June 1, 2010 at 3:30 pm |
  12. Collin Kelley

    The Family Research Council? What a joke! A spokesman from the organization co-founded by a man who likes to take rentboys on European vacations to help "lift his luggage." Crawl back under your rock, Tony.

    June 1, 2010 at 3:24 pm |
  13. scroo yoo

    keep your god out of other peoples business

    June 1, 2010 at 3:24 pm |
  14. Felipe

    I can't wait for the Aliens to land, then all this BS and hatred that comes FROM religion would finally just go away!

    June 1, 2010 at 3:24 pm |
    • Carl

      Yeah, but then you'll have all these conservative Christian types who proclaim that it is an immoral choice to believe in aliens, and we should discriminate against people who choose this sinful lifestyle and take away their opportunities.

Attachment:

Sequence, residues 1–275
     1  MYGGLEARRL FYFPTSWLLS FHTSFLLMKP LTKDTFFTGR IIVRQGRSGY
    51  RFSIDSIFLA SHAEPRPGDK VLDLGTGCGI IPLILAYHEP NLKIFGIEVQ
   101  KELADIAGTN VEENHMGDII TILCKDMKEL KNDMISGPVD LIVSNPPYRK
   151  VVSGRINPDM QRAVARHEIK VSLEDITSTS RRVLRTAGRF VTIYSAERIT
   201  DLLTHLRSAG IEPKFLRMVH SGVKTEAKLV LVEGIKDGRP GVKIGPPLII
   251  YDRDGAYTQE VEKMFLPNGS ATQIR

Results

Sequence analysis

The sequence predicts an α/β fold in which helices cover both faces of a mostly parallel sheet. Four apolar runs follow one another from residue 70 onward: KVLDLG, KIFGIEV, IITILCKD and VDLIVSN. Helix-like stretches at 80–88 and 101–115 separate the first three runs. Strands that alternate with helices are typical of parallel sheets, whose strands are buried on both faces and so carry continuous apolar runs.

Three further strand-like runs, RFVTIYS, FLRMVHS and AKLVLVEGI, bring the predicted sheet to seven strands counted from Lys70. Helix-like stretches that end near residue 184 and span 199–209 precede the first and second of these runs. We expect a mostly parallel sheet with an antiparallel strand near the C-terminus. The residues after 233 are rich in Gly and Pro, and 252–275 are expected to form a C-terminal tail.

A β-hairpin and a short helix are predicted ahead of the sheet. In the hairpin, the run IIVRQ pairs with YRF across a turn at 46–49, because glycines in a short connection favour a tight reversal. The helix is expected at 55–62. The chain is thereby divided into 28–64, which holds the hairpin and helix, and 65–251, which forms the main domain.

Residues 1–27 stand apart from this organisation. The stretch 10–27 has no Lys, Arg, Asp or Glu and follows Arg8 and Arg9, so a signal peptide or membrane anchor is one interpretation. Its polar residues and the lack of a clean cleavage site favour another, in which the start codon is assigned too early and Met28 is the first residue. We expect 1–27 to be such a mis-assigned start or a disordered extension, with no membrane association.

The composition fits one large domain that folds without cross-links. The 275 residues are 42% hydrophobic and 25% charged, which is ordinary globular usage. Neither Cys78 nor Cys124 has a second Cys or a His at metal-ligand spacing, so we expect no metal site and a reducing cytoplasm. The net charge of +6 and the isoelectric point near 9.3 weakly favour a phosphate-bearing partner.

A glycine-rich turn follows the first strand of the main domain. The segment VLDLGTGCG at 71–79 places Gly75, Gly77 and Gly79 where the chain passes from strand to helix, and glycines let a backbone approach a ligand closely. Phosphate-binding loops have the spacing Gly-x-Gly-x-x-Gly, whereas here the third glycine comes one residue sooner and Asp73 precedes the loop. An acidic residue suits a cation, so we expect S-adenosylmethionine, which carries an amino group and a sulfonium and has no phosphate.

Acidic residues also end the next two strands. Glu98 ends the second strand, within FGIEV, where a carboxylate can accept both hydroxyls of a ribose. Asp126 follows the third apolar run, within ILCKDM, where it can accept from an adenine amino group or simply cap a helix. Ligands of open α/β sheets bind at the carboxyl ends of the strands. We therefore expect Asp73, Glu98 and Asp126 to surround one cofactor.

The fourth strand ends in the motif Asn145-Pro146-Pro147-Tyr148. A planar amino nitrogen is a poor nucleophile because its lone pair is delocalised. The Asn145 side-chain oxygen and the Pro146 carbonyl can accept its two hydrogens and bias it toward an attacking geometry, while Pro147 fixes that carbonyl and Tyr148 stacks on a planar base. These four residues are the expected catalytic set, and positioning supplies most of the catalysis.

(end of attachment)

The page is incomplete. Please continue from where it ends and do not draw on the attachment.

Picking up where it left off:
June 1, 2010 at 3:36 pm |
  15. DLS

    Sincew you used catholics as an example how can a preist serving as a chaplin council a service person about a "second mairrage? It is forbidden for catholics to divorce and remarry. So if follows his "faith" then he cannot really serve all.

    June 1, 2010 at 3:24 pm |
  16. Emily

    You claim the freedom to discriminate based on your religious views? How does allowing openly gay women and men serve compromise your religious views? If you can't work under the new regulations, you are perfectly free to walk away, preserving the integrity of your beliefs.

    "Congress shall make no law respecting an establishment of religion, or prohibiting the free exercise thereof..."

    The first amendment is pretty clear. While you are completely free to preach hate, Congress is under no obligation to continue to allow your religious based intolerance. In fact, they are prohibited from using what the so called "great monotheistic religions" say on the matter as a reason for the ban.

    June 1, 2010 at 3:24 pm |
  17. EddyL